IoT ecosystems should shift to cellular connectivity for security – report
It is time to move on from relying on WiFi connectivity and router passwords to connect and secure large IoT ecosystems, according to the authors of a recently published report.
In their report, “Securing the mobile IoT”, authors Michael Moorfield, head of technology and innovation, Truphone, and Ruud Derwig, senior staff engineer, Synopsys, argue that although WiFi connectivity for IoT devices has provided some reliability and security, managing large IoT ecosystems relies on each device user acting as their own network manager, regularly updating their router passwords and all their devices to maintain security.
“No one enterprise, no one network operator, no one cloud platform in their entirety can tie together the various ecosystems required to securely connect devices in a simple way that the average user can really get on board with,” the report argues. “If the current fragmented value chain continues to abound, we will begin to see real-world risk with real-world consequences.”
Their alternative is a shift to the ‘mobile IoT’, in which a combination of SIM technology and emerging cellular network standards, such as 5G, NB-IoT and LTE-M, are used to securely manage and activate large ecosystems of IoT devices.
The report opens by outlining the way that SIMs, and the security and authentication support that they enable, are currently implemented. This tends to be in three discrete blocks: the removable SIM card itself, a cellular modem module, and a microcontroller to orchestrate the work of the other two. This approach is inflexible (SIMs tend to be bound to one operator), demands high design-in skills, and limits integration by using several packaged devices.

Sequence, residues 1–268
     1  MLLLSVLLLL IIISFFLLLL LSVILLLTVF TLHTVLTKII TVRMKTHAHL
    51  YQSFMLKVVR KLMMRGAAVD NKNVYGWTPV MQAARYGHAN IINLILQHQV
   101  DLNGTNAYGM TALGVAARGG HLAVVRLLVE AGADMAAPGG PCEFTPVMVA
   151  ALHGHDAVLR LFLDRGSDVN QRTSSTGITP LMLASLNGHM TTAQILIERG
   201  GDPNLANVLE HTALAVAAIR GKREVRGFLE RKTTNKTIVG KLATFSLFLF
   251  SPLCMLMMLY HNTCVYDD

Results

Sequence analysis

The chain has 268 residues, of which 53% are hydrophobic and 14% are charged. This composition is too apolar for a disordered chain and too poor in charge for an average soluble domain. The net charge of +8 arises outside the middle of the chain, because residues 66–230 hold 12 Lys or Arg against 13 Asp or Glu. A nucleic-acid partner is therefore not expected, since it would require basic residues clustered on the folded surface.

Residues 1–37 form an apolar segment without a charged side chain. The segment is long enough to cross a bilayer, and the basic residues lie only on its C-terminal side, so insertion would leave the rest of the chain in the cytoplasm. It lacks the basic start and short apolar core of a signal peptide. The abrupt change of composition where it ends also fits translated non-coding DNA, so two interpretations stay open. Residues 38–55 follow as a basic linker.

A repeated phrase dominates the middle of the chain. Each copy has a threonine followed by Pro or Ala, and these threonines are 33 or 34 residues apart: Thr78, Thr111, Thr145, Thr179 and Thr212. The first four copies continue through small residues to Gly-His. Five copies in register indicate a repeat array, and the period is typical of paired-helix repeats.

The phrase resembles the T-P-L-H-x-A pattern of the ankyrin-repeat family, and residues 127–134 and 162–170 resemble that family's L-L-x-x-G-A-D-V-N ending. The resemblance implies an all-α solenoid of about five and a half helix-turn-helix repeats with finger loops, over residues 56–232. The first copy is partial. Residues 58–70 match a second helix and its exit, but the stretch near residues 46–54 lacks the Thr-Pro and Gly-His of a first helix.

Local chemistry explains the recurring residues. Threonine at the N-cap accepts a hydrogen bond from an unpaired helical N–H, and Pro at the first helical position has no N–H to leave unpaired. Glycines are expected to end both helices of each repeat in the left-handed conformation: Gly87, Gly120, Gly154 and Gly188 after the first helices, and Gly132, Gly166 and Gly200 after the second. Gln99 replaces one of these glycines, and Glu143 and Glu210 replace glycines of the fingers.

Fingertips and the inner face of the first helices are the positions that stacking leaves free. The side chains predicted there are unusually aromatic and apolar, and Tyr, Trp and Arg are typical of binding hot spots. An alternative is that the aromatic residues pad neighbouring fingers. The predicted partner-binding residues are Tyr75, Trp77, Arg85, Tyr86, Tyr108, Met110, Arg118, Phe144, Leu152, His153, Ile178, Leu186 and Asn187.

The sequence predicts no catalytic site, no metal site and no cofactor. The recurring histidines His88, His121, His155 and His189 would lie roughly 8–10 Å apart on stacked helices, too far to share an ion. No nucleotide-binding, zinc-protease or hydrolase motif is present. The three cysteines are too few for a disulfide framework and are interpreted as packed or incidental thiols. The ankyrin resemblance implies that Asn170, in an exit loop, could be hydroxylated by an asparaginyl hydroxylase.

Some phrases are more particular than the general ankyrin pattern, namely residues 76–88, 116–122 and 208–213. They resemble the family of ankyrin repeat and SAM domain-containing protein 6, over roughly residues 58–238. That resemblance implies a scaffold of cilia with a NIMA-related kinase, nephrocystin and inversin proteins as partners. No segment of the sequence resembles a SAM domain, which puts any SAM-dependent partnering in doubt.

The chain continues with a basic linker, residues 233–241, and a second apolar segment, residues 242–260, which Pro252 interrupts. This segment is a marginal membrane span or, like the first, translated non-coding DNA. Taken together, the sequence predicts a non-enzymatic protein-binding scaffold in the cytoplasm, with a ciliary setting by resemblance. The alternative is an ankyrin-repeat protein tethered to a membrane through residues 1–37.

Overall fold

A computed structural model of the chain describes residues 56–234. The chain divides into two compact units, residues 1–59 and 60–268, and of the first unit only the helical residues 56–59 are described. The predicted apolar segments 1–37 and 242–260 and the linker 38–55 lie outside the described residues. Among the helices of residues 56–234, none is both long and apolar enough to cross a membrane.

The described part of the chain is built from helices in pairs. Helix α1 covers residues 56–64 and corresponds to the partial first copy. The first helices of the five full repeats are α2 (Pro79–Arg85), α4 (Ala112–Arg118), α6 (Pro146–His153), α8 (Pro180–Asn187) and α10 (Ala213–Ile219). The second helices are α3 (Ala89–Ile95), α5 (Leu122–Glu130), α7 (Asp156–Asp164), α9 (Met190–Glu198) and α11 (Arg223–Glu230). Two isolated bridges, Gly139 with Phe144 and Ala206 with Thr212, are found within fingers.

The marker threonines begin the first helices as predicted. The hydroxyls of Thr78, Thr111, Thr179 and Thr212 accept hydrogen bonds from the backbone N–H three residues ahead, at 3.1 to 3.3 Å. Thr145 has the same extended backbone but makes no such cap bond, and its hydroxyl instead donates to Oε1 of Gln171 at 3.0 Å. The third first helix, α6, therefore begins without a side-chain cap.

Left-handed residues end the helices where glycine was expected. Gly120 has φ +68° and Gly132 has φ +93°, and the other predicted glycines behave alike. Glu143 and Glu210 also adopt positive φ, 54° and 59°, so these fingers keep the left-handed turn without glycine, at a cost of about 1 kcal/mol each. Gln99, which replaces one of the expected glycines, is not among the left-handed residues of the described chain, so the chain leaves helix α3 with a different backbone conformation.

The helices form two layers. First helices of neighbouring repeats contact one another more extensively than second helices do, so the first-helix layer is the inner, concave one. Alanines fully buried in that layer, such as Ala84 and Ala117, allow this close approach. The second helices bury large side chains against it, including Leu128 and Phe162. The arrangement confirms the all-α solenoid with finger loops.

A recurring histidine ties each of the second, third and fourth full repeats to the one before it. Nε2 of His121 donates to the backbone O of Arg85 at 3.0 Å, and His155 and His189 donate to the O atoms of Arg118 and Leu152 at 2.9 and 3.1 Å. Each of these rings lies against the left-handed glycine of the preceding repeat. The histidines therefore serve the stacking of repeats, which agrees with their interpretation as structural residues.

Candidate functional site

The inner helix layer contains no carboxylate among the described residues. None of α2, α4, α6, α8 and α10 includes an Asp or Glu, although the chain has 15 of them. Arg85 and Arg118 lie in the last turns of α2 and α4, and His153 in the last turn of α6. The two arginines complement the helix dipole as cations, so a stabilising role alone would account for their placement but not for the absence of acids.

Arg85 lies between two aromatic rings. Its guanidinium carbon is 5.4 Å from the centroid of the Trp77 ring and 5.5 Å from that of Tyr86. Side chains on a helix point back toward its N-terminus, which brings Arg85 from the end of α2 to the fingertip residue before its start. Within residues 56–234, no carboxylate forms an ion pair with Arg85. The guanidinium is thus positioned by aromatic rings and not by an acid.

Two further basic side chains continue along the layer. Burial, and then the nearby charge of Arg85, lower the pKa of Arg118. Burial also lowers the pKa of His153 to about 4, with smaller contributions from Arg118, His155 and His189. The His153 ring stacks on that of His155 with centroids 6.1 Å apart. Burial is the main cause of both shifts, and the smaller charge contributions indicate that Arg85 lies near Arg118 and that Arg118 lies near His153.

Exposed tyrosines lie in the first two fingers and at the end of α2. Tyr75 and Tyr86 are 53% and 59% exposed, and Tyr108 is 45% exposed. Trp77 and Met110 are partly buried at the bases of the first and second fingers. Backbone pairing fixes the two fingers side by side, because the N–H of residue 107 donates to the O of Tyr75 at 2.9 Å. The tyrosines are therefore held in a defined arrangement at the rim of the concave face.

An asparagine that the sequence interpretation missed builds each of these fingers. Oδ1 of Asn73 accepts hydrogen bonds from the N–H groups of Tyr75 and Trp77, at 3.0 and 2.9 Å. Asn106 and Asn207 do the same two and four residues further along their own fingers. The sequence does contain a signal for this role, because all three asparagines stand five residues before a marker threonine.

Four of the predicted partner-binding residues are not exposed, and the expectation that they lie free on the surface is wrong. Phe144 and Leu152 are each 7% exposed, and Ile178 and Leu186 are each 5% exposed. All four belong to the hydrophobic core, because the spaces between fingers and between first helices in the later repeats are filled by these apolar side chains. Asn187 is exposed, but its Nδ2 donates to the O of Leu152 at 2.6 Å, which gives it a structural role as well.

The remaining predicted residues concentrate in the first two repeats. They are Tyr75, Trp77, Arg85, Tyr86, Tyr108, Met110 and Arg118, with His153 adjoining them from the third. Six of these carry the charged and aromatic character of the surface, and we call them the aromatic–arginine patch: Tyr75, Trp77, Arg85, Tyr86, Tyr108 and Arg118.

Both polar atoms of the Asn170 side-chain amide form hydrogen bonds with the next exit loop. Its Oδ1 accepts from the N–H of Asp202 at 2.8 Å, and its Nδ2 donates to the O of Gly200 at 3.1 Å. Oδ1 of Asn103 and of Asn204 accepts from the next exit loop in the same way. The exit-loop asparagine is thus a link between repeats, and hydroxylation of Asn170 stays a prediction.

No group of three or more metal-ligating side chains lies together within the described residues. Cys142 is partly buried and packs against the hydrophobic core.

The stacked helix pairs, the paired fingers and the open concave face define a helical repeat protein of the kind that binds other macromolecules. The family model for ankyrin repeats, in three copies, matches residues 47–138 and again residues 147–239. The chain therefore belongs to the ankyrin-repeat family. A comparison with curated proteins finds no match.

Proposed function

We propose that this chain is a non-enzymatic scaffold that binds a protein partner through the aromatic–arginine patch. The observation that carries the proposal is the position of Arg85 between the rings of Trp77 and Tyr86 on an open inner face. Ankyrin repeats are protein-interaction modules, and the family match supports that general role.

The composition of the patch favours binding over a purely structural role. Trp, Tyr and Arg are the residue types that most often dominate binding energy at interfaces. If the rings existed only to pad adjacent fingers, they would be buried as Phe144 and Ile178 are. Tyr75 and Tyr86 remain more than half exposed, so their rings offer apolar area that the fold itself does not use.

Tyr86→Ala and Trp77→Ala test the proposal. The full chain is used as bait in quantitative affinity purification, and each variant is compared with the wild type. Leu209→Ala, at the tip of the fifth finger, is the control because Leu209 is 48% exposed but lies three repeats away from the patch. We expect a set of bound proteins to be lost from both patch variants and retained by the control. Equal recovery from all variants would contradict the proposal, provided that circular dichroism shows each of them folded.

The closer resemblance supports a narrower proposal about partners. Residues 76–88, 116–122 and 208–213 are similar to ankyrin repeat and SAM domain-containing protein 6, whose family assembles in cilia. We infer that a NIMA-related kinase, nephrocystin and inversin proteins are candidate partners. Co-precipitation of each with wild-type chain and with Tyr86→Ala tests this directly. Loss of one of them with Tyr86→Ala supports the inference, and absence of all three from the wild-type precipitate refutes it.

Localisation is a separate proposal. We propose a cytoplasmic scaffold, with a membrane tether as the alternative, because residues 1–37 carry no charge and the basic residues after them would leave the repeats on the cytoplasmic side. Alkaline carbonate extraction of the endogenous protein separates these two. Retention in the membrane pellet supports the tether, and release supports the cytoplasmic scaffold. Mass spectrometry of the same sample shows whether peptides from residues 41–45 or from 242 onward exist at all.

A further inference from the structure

SIM technology is evolving to address these issues, with removable SIMs giving way to embedded SIMs (eSIMs), and eventually integrated SIMs (iSIMs) in which the SIM functionality becomes part of a larger SoC. This iSIM approach integrates the cellular modem, application microcontroller and, in some cases, flash memory in an SoC. This enables the overall design to be simplified, for example by no longer needing UARTs to communicate between the key functional blocks.
The report goes on to lay out five key characteristics of an iSIM device, including: a secure execution environment; support for a variety of cryptographic algorithms; persistent, secure storage for data such as network credentials; highly integrated and pre-verified hardware/software; security that is as good or better than a discrete SIM solution.
There are also details of three approaches to activating devices that use an iSIM, and the key process steps needed to ensure that activation is done securely. This can be a complex process, dependent on factors including the device distribution channel, the connectivity suppliers, geography and any exclusivity agreements. The report argues that supporting these multiple scenarios with a simple activation flow demands a single remotely managed platform.
The report goes on to discuss the common standards used for provisioning SIMs, and the interoperability advantages of iSIMs. It then proposes an integrated hardware, software, security and management platform approach to using iSIMs to provide security and connectivity for IoT devices, as well as details of remote SIM provisioning strategies and approaches to giving each device a unique ID.
The report concludes by reiterating its argument that it is time to move on from relying on WiFi connectivity and router passwords to connect and secure large IoT ecosystems, and instead to take advantage of the security infrastructure that has been developed for the cellular networks over the past 30 years by using iSIMs and well thought-out management platforms.
The report is available here.
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